Recently, President Muhammadu Buhari signed the 2021 appropriation bill of N13.59tn into law alongside the Finance Bill 2020 to run concurrently. According to the Budget Office of the Federation, the annual budget tagged “Budget of Economic Recovery and Resilience” is expected to reposition the Nigerian economy on the path of recovery, growth and resilience.
The appropriation bill shows an expected revenue of N7.99tn and aggregate estimated expenditure of N13.59tn. This implies a budget deficit of N5.60tn which would be financed mainly by borrowings of N4.69tn, privatization proceeds of N205.15bn and finally project linked bilateral & multilateral loans of N709.69bn. Further analysis of the 2021 appropriation bill shows that c.24% of the total expenditure is designated for debt servicing.
Over the years, the Federal Government has struggled to finance its budget mainly due to low revenue, which is susceptible to oil price volatilities. The Federal Government only generated 68% of its prorated budgeted revenue of N4.75tn as at July 2020 despite adjusting the official exchange rate for revenue conversion to N360/US$1 from N306/US$1 previously.
This has resulted in an increasing budget deficit for the country and increased borrowing by the government from both domestic and international bodies. As at the end of September 2020, the nation’s public debt stood at a total of N32.2tn and with the planned borrowing of N4.69tn to finance the budget deficit, total public debt is expected to rise to c.N36.89tn by December 31, 2021.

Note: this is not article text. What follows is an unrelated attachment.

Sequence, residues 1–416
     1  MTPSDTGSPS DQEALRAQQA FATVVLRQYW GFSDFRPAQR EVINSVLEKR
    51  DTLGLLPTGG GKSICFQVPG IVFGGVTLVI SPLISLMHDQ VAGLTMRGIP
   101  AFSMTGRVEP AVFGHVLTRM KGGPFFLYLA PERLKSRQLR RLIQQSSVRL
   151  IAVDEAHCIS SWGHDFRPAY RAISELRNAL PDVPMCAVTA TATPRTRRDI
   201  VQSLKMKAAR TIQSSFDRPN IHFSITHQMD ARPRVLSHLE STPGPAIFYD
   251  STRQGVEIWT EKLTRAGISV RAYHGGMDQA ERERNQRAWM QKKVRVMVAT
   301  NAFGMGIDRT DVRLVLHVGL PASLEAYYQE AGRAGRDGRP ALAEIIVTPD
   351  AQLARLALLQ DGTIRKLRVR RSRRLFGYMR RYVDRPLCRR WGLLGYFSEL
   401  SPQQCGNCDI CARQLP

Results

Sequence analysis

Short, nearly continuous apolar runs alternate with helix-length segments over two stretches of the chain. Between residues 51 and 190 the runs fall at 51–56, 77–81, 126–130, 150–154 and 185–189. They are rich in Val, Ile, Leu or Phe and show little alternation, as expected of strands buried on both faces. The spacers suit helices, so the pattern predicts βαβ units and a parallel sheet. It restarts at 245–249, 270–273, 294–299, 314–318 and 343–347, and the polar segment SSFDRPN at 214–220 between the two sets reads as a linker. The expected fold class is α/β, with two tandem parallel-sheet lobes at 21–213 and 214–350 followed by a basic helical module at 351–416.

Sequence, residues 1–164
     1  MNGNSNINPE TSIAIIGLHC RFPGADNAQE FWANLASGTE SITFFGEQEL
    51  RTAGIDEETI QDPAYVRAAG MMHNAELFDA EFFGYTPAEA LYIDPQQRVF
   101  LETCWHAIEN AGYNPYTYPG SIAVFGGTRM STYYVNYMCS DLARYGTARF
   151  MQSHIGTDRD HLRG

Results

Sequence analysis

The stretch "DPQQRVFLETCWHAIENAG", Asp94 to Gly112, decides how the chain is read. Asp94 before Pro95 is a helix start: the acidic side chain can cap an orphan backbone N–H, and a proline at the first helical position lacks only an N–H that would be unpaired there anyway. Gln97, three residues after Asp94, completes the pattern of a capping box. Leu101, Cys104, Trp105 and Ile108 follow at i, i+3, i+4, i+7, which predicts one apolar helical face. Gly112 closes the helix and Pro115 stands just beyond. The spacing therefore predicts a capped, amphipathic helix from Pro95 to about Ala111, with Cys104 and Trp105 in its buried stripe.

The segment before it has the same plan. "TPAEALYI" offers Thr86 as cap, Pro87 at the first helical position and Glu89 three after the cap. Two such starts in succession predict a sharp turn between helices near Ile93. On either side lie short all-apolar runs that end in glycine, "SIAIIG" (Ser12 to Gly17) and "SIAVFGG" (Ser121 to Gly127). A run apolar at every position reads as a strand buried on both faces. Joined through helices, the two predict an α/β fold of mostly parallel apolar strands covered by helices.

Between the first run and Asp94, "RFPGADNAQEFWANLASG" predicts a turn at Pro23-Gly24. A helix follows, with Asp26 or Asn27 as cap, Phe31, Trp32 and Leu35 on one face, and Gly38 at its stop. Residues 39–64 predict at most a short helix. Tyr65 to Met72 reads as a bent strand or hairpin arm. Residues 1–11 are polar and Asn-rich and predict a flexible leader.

Whilst debt to GDP ratio remains within the acceptable threshold, we are increasingly concerned about the nation’s debt service to revenue ratio which shows the country may be heading towards a debt crisis should the borrowings continue in face of limited finances to support existing debt obligations. We note that the Federal Government typically exceeds its budgeted deficit for a budget year.
This is amidst our pessimism on the Federal government’s ability to achieve its Revenue target of N7.99tn in 2021 (the highest in the history of Nigeria). In our opinion, the government needs to focus its expenditure on capital projects expected to generate cashflows for the economy. Also, there is the need for more collaboration between private enterprises and the government to ease the burden of increasing costs borne by the government. In addition, attention must be paid to the efficiency and effectiveness of government spending.
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